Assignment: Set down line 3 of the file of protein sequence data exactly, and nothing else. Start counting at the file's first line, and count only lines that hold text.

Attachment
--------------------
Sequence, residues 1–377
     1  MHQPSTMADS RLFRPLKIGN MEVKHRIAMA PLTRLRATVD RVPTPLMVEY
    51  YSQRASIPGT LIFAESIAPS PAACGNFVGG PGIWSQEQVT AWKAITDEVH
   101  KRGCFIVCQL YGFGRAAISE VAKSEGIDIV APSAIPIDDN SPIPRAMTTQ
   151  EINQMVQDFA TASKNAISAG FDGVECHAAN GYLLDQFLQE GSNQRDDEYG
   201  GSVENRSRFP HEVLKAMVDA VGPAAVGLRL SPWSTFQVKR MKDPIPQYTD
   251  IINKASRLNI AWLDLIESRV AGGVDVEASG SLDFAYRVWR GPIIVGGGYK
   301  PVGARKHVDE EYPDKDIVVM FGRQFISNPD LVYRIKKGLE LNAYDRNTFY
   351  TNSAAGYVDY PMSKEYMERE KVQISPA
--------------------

    51  YSQRASIPGT LIFAESIAPS PAACGNFVGG PGIWSQEQVT AWKAITDEVH